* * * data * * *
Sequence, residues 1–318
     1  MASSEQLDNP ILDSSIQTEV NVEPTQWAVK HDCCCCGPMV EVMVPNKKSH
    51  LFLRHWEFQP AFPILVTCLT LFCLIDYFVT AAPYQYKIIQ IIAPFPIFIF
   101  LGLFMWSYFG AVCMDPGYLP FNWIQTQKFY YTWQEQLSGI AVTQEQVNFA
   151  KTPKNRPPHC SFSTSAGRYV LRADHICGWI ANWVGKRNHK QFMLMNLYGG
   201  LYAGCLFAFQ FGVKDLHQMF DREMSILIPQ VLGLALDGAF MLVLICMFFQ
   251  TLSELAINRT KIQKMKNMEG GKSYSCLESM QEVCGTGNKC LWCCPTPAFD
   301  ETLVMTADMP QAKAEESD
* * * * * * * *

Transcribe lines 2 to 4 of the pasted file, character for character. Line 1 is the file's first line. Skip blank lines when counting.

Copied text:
     1  MASSEQLDNP ILDSSIQTEV NVEPTQWAVK HDCCCCGPMV EVMVPNKKSH
    51  LFLRHWEFQP AFPILVTCLT LFCLIDYFVT AAPYQYKIIQ IIAPFPIFIF
   101  LGLFMWSYFG AVCMDPGYLP FNWIQTQKFY YTWQEQLSGI AVTQEQVNFA